Days later, Microsoft rang the alarm bell. The tech giant depends on customers who install its Windows software on laptops and Surface tablets, and both of those hardware products are also being hammered by closings and slowdowns in China. Personal computing accounts for roughly a third of Microsoft’s revenue. After sharing the impacts on its sales because of the outbreak’s effect on its supply chain, the most valuable company in the United States, fell 7 percent.
While hardware companies seem to be the most obvious candidates to face trouble, the impact is starting to ripple outward to other, less obvious internet companies.
Expedia, the travel aggregator, declined to provide a full-year financial outlook because of the coronavirus’ disruption of travel. Companies like Didi, the Chinese ride-hailing giant, have started providing drivers with plastic barriers to place between the front and back seats, offering another layer of protection from the virus.
Dun & Bradstreet, the business research firm, said about 51,000 companies had one or more suppliers in regions of China affected by the virus, almost certainly leading to a broader impact in the months ahead.
To try to keep their employees safe, some companies are taking preventive measures. Organizers called off MWC Barcelona, the annual global telecommunications trade show in Spain. But the giant RSA security conference still went on in San Francisco this past week, even though big companies like IBM, AT&T and Verizon pulled out of it.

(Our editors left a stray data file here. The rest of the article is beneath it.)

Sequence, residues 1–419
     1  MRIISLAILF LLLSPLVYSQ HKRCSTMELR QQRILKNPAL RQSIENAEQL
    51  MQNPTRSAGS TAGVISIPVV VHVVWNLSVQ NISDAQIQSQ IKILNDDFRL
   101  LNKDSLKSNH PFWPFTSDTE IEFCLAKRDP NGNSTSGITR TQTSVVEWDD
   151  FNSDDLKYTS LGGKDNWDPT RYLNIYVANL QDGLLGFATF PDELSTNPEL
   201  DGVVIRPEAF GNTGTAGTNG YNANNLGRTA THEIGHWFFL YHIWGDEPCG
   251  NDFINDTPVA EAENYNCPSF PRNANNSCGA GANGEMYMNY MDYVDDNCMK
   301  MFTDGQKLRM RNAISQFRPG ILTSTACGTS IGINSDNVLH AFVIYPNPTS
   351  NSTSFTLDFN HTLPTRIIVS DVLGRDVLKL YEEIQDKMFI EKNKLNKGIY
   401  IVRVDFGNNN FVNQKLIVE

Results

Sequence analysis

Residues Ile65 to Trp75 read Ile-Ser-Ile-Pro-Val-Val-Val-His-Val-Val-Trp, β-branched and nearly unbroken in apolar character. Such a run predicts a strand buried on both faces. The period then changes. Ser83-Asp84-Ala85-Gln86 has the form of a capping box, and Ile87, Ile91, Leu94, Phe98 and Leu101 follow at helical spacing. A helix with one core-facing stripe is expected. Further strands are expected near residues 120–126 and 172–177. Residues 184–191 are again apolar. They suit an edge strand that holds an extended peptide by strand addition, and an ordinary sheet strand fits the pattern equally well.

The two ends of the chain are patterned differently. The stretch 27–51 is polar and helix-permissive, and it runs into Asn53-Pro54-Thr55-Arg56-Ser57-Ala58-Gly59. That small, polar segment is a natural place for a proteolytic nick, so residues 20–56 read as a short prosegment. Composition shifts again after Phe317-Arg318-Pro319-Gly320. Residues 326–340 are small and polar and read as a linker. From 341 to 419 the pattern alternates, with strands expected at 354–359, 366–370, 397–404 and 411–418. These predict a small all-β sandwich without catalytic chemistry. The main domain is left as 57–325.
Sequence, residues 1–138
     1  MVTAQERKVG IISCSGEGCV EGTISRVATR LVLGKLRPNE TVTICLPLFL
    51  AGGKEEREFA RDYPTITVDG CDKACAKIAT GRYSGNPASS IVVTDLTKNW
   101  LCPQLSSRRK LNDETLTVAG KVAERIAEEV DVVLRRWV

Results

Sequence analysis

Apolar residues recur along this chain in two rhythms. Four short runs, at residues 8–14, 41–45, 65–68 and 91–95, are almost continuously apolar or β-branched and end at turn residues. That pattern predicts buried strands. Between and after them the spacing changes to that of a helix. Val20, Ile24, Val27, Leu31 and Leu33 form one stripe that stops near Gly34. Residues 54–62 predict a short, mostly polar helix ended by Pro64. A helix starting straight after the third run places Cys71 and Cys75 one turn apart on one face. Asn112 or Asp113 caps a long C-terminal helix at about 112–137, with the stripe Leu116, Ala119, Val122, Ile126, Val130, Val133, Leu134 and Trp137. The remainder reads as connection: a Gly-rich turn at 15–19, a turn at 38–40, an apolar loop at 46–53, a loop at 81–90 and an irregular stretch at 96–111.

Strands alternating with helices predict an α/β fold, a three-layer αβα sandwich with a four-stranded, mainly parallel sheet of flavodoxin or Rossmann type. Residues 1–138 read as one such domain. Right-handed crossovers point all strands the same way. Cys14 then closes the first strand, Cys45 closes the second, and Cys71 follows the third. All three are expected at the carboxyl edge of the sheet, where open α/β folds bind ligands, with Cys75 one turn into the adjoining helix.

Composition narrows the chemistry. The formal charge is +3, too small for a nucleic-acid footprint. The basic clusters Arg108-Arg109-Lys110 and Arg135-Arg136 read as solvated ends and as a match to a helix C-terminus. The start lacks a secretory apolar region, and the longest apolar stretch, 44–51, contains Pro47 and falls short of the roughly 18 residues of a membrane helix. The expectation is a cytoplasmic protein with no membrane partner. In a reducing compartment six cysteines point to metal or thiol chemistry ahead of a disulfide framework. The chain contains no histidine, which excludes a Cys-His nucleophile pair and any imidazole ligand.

Facebook canceled one of its advertising events, which is attended largely by employees, and its annual F8 conference — one of the company’s most anticipated events. That’s where it showcases its products and plans for the future to software developers. Mark Zuckerberg, the chief executive, is a mainstay at the event, giving a regular state-of-the-industry keynote address.
Employees at Amazon’s worldwide operations — the company’s largest division, which runs the technology and operations for warehouses, deliveries, Prime membership and physical stores, among other things — were told that they should not travel domestically or internationally “until further notice,” according to emails viewed by The New York Times.
Dave Clark, the senior vice president who runs worldwide operations, wrote in one of the emails that no group or team meetings requiring travel should be planned until at least the end of April, “by which time hopefully we have a better sense of the virus, its spread and impact.”
Amazon confirmed that Mr. Clark had emailed his organization on the matter. “We are watching this situation closely with a focus on the safety of our teams and ensuring we can meet customer promises,” an Amazon spokeswoman, Kelly Cheeseman, said in a statement.
The company had already been scrambling to make sure it doesn’t run out of popular products that are made in China, and has urgently emailed suppliers to see if they expect to have enough of their best sellers for its all-important Prime Day this summer.
The article from New York times brings a reflection : What less obvious companies might the coronavirus affect in ways we hadn’t anticipated?
Will Netflix, for example, see a drastic uptick in hours of streaming television watched, given people aren’t leaving their homes anymore? Or consider delivery companies like Uber Eats, DoorDash, Instacart, even Amazon. In a world where people are increasingly hesitant to go outside and mingle with others, will consumers start to rely more heavily on others doing the shopping for them?
Investors seem to be doing the same: Shares in Zoom, the teleconferencing software company, skyrocketed over the past week as more white-collar workers telecommute from home.
As we can see, the best opportunities are born in times of crisis. It has always been so and this time will be no different.
You just need not be intimidated and look in the right direction.